image file: c9cp06891k-f3.tif
Fig. 3 Pt LIII-edge EXAFS data for all samples in k-space (A) and the Fourier-transform (B); solid lines correspond to experimental data while the dashed lines (only in B) show the fitted curves; from top to bottom: black – Pt bC, red – Pt aC, green – PtCo bC, blue – PtCo ac, teal – PtCoN bC, pink – PtCoN ac, yellow – AuPtCoN bC, ochre – AuPtCoN ac.

An estimate of the number of independent data points Nind can be made using the Nyquist-criterion:

image file: c9cp06891k-t4.tif(4)
Δk = 9.25 Å−1 (3 Å−1 to 12.25 Å−1) and ΔR = 1.75 Å (1.5 Å to 3.25 Å) results in 10.3 independent data points. Two scattering paths are used, a single scattering path between a platinum absorber and a platinum scatterer (Pt–Pt) and another path between a platinum absorber and a cobalt scatter (Pt–Co). Au neighbors are treated as Pt since the scattering from Au and Pt is nearly identical due to the similar atomic number. For each path, the coordination number N, the Debye–Waller factor σ2 and the distance between absorber and scatterer r were fitted. This corresponds to six fit parameters, significantly less than the number of independent data points. ΔE0, is fixed to a value of 7.5 eV as discussed above. The effect of changes in ΔE0 on the bond distance r is used to estimate the errors for r and discussed in detail in the ESI. The ESI also includes a detailed discussion of the statistical significance of the third decimal digit of the bond lengths. Table 2 shows the fitting results for all eight samples with the standard deviations from least squares fitting for N and σ2. The Pt–Pt distances in the pure Pt NPs (2.75 ± 0.02 Å and 2.75 ± 0.01 Å for bC and ac, respectively) remain unchanged after electrochemical conditioning and are smaller than the Pt–Pt distance in bulk Pt (2.775 Å).33 The Pt–Pt bond length in the alloy nanoparticles is even shorter than that in the pure Pt nanoparticles. It is the shortest in the PtCo NPs before conditioning (2.71 ± 0.04 Å). Electrochemical conditioning increases the Pt–Pt bond length for all NPs containing Co, although the changes in bond lengths of PtCoN and AuPtCoN are only in the third decimal digit, not shown in Table 2. The reason for the significantly reduced bond length in PtCo bC is the alloying of platinum and cobalt; PtCo alloys are known to have shorter Pt–Pt bond lengths than pure Pt.34 The significant increase in the Pt–Pt bond length for PtCo aC is thus a result of dealloying: a lot of Co is lost in the electrochemical conditioning and Pt is segregated. The errors for coordination numbers N and Debye–Waller factors σ2 are large because the two parameters are directly correlated in the EXAFS equation (eqn (1)). Usually, we carry out the EXAFS analysis for both edges (Pt and Co) simultaneously, satisfying the relevant physical constraints to reduce the correlation between N and σ2.20,34 The strong correlation between σ2 and N leads to an unphysical value of Ntotal = N(Pt–Pt) + N(Pt–Co) for the PtCoN aC sample. For this sample, simple EXAFS fitting yields a value of 13.3 for Ntotal, which is more than the maximum number of nearest neighbors in a closed packed structure (12). While the correlation between σ2 and N is most obvious for the PtCoN aC sample, the two variables are correlated for all samples. Thus, additional analysis is required to correctly identify the values of σ2 for the various samples and the corresponding other EXAFS fit parameters. A more detailed discussion of the correlation between N and σ2 can be found in the ESI.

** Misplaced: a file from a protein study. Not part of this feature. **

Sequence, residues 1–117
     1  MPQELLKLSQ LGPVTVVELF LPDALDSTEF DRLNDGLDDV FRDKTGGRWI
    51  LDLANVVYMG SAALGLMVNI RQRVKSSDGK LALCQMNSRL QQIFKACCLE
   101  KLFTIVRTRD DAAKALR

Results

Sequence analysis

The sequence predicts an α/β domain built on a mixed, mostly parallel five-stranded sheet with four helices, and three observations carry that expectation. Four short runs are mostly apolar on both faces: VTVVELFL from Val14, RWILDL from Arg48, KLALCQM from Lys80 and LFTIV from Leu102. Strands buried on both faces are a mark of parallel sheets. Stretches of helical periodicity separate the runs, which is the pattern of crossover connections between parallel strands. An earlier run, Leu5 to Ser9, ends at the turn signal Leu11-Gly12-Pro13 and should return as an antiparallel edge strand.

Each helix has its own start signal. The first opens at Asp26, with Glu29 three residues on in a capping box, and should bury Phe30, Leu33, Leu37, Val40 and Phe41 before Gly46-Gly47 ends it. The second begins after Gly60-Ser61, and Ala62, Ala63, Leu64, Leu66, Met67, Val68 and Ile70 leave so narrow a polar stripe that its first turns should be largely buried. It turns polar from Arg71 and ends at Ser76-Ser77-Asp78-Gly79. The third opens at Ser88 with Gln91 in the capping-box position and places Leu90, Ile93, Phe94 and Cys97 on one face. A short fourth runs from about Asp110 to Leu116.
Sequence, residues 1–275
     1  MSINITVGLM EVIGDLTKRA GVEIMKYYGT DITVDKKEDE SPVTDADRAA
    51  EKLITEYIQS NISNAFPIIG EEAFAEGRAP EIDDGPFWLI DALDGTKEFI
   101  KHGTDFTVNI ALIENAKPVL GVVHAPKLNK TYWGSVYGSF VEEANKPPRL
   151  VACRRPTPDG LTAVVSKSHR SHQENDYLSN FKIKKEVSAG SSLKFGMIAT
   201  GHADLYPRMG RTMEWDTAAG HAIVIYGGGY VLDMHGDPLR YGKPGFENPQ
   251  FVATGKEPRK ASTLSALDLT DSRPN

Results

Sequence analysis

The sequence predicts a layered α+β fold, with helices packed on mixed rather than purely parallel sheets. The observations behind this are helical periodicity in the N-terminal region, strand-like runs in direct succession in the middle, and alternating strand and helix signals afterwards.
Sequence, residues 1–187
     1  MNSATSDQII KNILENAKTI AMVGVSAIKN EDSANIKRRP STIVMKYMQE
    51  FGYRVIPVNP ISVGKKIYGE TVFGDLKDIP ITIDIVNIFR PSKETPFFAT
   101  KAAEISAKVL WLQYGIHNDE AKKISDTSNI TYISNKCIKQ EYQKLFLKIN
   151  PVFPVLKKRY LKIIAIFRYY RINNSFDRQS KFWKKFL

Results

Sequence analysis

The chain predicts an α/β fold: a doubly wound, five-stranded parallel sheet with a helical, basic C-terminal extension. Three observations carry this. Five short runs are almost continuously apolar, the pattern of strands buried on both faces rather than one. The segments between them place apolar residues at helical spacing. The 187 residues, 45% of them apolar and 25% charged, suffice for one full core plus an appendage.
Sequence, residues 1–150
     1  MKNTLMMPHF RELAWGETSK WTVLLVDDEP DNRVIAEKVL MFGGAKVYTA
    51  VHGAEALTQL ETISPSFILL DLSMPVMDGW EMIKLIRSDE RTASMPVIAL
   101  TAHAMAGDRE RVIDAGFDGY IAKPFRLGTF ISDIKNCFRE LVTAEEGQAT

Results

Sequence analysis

Table 2 EXAFS fitting results
Sample Path N σ22 r R-Factor (%)
Pt bC Pt–Pt 7.4 ± 1.4 0.0054 ± 0.0010 2.75 ± 0.02 4.9
Pt aC Pt–Pt 9.8 ± 1.0 0.0051 ± 0.0010 2.75 ± 0.01 1.5
PtCo bC Pt–Pt 6.7 ± 2.1 0.0068 ± 0.0019 2.71 ± 0.04 2.0
Pt–Co 3.6 ± 1.6 0.0097 ± 0.0040 2.63 ± 0.06
PtCo aC Pt–Pt 8.1 ± 2.4 0.0061 ± 0.0017 2.74 ± 0.03 1.8
Pt–Co 1.8 ± 1.3 0.0060 ± 0.0054 2.64 ± 0.08
PtCoN bC Pt–Pt 6.5 ± 1.8 0.0048 ± 0.0015 2.74 ± 0.02 1.7
Pt–Co 3.3 ± 2.1 0.0141 ± 0.0074 2.65 ± 0.11
PtCoN aC Pt–Pt 9.6 ± 1.8 0.0062 ± 0.0012 2.74 ± 0.02 1.1
Pt–Co 3.7 ± 4.7 0.0231 ± 0.0177 2.70 ± 0.13
AuPtCoN bC Pt–Pt 7.7 ± 1.9 0.0056 ± 0.0013 2.74 ± 0.02 1.6
Pt–Co 2.1 ± 1.4 0.0092 ± 0.0058 2.64 ± 0.14
AuPtCoN aC Pt–Pt 8.9 ± 2.3 0.0059 ± 0.0015 2.74 ± 0.03 1.7
Pt–Co 1.6 ± 1.4 0.0064 ± 0.0069 2.67 ± 0.13

4.5 Model building analysis (MBA)

In order to improve the accuracy of the EXAFS analysis and to determine structural models for the nanoparticle samples we perform an extensive comparison of fits to the EXAFS spectra and structural models. Because of the inability of the simple EXAFS fits, described above, to reliably determine the Debye Waller-factors σ2(Pt–Pt) and σ2(Pt–Co), we study, for each sample, a large number of EXAFS fits with varying Debye Waller-factors. The respective EXAFS fits and their corresponding fit parameters are described in the ESI as 2D mapping and 2D filtering and displayed in Fig. S12–S62 (ESI). Also in the ESI, the reader can find a detailed description of the determination of normalization factors, used in eqn (5) below. For each sample, the multitude of EXAFS fits obtained is compared with structural models. In the following we describe in detail the construction of the structural models, the comparison between EXAFS fits and structural models, the identification of physically reasonable, statistically significant pairs of EXAFS fits and structural models and the subsequent determination of EXAFS parameters and average structural models for the samples.